"Natural hormones are bioidentical," says John Lee, M.D., author of What Your Doctor May Not Tell You About Menopause (Warner Books, 1996), "which means they're absolutely identical to human hormones. Natural hormones are made from plants but must be converted in the lab." In other words, eating soybeans or yams won't provide the body with estrogen or progesterone. However, soy foods have been shown to exert a mild estrogenic effect. "Natural hormones work because the molecule is exactly the same shape as the human molecule," Lee says.
How do you decide if you should supplement with natural hormones? Start by finding a health care provider willing to work with you. "Your physician is someone you need to be able to express yourself with," says Shari Lieberman, Ph.D., a professor at the University of Bridgeport School of Human Nutrition in Connecticut. "They need to be current—if they're still doling out prescriptions for Premarin or some of the other synthetic hormones, they need to know about natural alternatives."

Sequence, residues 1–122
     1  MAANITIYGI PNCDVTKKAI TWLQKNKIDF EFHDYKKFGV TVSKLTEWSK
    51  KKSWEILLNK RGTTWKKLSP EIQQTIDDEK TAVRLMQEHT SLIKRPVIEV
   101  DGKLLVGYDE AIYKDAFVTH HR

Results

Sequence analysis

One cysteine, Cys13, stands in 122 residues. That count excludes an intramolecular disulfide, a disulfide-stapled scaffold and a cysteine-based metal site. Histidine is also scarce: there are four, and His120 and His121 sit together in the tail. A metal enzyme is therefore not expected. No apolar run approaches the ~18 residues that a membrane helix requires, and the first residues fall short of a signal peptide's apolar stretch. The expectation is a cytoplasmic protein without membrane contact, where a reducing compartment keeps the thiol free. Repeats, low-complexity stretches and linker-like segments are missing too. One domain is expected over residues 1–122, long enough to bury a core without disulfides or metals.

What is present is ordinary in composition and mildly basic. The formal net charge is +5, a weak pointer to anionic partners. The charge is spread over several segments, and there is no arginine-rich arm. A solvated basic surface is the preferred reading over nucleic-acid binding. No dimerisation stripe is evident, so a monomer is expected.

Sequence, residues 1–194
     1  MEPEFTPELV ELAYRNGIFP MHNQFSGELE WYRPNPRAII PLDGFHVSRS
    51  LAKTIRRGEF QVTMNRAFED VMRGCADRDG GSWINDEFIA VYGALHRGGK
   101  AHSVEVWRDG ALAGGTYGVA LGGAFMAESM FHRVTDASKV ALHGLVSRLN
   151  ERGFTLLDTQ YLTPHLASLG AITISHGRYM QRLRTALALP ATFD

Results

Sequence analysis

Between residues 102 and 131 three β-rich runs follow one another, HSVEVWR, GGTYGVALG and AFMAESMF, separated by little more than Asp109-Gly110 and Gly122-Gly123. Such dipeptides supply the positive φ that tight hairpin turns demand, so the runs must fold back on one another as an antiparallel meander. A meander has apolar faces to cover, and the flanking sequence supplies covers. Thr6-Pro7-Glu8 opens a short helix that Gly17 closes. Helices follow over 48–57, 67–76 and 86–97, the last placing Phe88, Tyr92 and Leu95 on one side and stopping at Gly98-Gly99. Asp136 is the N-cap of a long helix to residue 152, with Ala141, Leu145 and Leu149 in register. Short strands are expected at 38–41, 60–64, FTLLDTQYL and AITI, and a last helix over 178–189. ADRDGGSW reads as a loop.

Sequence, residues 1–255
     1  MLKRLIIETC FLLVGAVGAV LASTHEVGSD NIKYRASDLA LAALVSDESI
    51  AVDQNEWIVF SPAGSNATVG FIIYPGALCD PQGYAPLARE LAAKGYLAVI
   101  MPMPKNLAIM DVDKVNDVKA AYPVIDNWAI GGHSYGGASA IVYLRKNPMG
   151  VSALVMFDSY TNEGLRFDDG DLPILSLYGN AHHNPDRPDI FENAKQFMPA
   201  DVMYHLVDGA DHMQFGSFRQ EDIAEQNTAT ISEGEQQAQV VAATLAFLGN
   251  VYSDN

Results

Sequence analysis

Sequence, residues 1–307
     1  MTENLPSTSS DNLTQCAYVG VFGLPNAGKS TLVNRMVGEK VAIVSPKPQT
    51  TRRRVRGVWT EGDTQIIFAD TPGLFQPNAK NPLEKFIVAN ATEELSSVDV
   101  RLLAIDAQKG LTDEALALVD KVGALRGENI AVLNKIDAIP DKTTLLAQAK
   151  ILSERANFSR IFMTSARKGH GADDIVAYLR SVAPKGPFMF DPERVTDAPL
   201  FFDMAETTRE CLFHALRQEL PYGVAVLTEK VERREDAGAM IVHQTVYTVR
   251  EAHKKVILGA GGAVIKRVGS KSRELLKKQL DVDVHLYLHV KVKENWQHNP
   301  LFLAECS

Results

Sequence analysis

"Although natural hormones are safer," Lieberman says, "I don't believe they should be used indiscriminately." Ideally your health care practitioner should monitor your salivary hormone levels and tailor the dosage of natural hormones to fit your needs. After all, "we share a lot in common as women, but we can't standardize women," says Stephanie DeGraff Bender, M.A., founder of Full Circle Women's Health Inc. in Boulder, Colo. "What's right for one woman might not be right for the next woman."